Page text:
Monthly Archives: December 2011

Technology is abandoning AM radio

The only portable AM radio I could find at a huge electronics store - a $10 radio with analog tuner

I did some Boxing Week shopping Thursday night. Despite the cold, I went wandering for about three hours around various stores, though for the first time in years I didn’t have any big-money purchases in mind.

One thing I had been looking for was a portable device capable of receiving AM radio. Ideally it would have had a digital tuner, an antenna of some sort and an internal memory capable of recording the radio. As someone who writes about radio a lot, it helps to be able to record as well as listen.

But going through the aisles of iPods and other MP3 players at Future Shop and Best Buy, I discovered that such a device does not exist. Well, actually, it does, but it’s kind of expensive and you can’t buy it in one of these stores.

In the end, I bought the radio you see above, a Dynex (read: cheap as hell) FM/AM pocket radio. It has an analog tuner and cheap plastic parts (and obviously no recording capability), but it has an antenna and a headphone jack, and though it’s a bit noisy it receives CJAD and CKGM.

It used to be, even as little as a decade ago, that no one in their right mind would try to sell something as a “radio” and not include one of the two bands. But as portable CD players were replaced by smaller MP3 players with lower power demands and no moving parts, FM has become less of a priority and AM has been all but abandoned.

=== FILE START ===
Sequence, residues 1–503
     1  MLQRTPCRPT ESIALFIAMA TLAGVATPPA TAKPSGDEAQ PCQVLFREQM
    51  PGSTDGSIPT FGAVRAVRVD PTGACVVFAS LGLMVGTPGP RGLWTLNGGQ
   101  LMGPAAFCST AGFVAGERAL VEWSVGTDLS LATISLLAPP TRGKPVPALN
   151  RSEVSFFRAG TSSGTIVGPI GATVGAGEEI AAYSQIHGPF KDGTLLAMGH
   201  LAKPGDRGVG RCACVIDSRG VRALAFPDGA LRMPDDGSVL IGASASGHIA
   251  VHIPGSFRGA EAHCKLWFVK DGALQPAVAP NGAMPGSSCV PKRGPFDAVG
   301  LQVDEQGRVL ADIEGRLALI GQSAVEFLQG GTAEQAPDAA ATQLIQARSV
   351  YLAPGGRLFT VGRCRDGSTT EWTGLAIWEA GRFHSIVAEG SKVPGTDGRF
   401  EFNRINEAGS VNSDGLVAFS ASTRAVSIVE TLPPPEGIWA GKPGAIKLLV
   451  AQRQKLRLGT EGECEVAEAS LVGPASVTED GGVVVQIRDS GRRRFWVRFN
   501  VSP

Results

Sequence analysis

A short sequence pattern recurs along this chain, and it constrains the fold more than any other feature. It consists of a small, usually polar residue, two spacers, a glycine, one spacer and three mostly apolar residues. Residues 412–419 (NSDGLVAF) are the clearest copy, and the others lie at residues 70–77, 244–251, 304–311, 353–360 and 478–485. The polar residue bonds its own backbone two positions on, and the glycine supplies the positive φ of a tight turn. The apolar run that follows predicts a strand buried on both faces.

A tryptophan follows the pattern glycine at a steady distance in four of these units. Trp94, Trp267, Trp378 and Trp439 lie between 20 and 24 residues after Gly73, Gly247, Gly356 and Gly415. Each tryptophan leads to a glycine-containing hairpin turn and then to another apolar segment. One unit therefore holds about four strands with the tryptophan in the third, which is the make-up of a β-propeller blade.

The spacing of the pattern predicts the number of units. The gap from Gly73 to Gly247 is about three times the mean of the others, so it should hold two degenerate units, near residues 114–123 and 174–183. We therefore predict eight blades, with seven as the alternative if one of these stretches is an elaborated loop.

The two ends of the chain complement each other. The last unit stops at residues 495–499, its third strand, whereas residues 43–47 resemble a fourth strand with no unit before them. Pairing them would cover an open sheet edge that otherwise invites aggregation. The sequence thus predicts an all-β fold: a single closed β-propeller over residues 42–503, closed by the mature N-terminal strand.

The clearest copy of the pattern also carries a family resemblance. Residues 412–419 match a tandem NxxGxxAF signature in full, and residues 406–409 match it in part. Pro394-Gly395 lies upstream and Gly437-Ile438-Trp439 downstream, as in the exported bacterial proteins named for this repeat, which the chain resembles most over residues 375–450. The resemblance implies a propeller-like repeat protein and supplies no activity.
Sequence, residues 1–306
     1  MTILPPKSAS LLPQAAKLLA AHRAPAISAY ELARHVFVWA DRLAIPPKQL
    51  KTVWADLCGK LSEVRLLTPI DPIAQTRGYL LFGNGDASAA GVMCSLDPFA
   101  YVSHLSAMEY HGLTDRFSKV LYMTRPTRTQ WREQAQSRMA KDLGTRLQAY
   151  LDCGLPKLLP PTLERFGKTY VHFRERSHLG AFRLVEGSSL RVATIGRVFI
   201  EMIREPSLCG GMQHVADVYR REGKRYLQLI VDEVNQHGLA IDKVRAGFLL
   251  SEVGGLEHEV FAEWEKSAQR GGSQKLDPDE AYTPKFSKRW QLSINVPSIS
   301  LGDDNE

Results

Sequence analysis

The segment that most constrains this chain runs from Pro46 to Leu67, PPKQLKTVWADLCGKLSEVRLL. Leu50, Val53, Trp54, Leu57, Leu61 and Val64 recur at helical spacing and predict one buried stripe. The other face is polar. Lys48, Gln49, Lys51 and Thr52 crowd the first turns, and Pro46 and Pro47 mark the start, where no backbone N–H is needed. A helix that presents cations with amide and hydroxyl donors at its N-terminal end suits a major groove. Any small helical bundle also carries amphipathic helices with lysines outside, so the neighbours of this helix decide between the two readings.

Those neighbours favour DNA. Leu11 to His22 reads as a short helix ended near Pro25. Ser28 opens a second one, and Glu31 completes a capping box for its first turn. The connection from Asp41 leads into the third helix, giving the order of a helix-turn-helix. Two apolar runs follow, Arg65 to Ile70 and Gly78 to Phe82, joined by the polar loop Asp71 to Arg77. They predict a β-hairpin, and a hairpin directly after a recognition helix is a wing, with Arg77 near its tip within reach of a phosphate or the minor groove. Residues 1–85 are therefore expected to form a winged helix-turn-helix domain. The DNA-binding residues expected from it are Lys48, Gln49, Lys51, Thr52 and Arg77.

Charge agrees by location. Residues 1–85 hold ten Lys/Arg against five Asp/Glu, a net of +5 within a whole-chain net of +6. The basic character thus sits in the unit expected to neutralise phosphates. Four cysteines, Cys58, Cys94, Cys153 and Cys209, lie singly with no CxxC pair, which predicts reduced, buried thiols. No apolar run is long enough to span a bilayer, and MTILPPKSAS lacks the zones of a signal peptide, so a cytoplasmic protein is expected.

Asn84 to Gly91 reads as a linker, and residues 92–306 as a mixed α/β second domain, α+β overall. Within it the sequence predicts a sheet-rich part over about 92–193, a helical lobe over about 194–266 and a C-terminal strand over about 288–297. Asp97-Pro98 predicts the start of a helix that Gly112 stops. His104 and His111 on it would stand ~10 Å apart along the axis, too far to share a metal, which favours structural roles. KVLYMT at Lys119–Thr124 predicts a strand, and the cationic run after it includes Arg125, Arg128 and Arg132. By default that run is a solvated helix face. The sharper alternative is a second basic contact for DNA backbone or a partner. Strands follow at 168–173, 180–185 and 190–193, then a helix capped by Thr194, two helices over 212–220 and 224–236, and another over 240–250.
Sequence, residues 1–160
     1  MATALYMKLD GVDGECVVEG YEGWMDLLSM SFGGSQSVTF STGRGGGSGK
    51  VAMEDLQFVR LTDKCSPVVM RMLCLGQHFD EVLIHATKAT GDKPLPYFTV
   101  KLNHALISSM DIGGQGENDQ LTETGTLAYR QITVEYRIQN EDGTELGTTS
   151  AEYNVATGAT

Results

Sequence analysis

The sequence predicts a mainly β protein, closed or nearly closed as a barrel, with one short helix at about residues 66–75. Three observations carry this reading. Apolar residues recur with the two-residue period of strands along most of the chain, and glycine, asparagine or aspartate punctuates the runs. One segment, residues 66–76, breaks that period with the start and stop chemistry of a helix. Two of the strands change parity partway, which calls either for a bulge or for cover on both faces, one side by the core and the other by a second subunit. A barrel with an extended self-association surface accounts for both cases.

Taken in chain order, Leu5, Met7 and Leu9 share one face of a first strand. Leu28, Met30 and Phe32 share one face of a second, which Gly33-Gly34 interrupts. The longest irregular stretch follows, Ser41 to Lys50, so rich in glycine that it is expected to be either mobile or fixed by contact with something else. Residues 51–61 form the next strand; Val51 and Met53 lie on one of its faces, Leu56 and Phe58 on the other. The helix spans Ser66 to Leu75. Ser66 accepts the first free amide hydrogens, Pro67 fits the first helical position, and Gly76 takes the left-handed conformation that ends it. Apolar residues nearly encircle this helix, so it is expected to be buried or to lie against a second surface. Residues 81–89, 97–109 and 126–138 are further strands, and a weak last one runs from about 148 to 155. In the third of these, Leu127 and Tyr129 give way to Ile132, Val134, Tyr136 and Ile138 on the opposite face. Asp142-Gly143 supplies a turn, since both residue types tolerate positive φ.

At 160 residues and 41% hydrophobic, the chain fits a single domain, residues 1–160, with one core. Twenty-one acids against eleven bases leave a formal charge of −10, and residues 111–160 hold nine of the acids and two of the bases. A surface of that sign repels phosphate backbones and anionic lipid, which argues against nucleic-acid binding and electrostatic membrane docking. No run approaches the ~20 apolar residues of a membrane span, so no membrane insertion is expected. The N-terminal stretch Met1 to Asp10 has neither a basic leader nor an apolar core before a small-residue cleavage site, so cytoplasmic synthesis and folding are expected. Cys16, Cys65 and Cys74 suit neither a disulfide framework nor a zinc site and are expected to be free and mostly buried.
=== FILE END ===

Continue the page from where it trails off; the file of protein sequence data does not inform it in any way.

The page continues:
A portable CD player sports a ferrite bar AM antenna (left) about 4cm long and 3mm thick.

There are a few technical reasons for this. For one, because the AM band is at a much lower frequency than FM (centred around 1 MHz vs. around 100 MHz), the antenna has to be much longer. For older portable devices (like my old CD player pictured above), this is accomplished by coiling a long antenna inside the device. Ideally it would be strung out in a straight line for maximum reception, but coiling it is a compromise that works here, though its reception isn’t as good and it’s highly directional (which is why the angle at which you’re holding a portable AM radio affects its reception).

In smaller devices, such an antenna – about the size of a AAA battery – becomes prohibitively large. Smartphones and iPods don’t even have room for that AAA battery, much less an antenna for what has become a secondary function. For FM reception, portable devices ingeniously use the headphone cord for an antenna, but that doesn’t work for AM.

In addition to the size of the antenna, AM radio is more susceptible to interference, requiring even more electronic real estate being used for filtering and amplifying.

"AM RF IN" marks where the AM antenna connects to the circuit board ("RF" means "radio frequency")

And then there’s the simple matter of demand. Music stations long ago moved from AM to FM, as has CBC and Radio-Canada in Montreal. We’re left with only three large commercial AM stations (CKAC 730, CJAD 800 and CKGM 990) and a handful of smaller AM stations that would be very difficult to capture with a portable antenna anyway.

That’s about to change. The CRTC recently awarded two new frequencies (the previously dormant 690 and 940 kHz), and two new AM stations will be on the air at some point in 2012. Two others, who lost in the bidding for those frequencies, may also reapply for other vacant frequencies. By the end of 2013 we could have four new high-power AM radio stations in Montreal, at a time when most broadcasters have all but abandoned the band.

But can these stations survive if there’s nobody left who can listen to them? It’s not just iPods and smartphones. Even larger desktop alarm clock radios have started to abandon AM in favour of iPod connections. Unless a device’s main function is broadcast radio, you’re much less likely to find AM on it. And people like multifunction devices.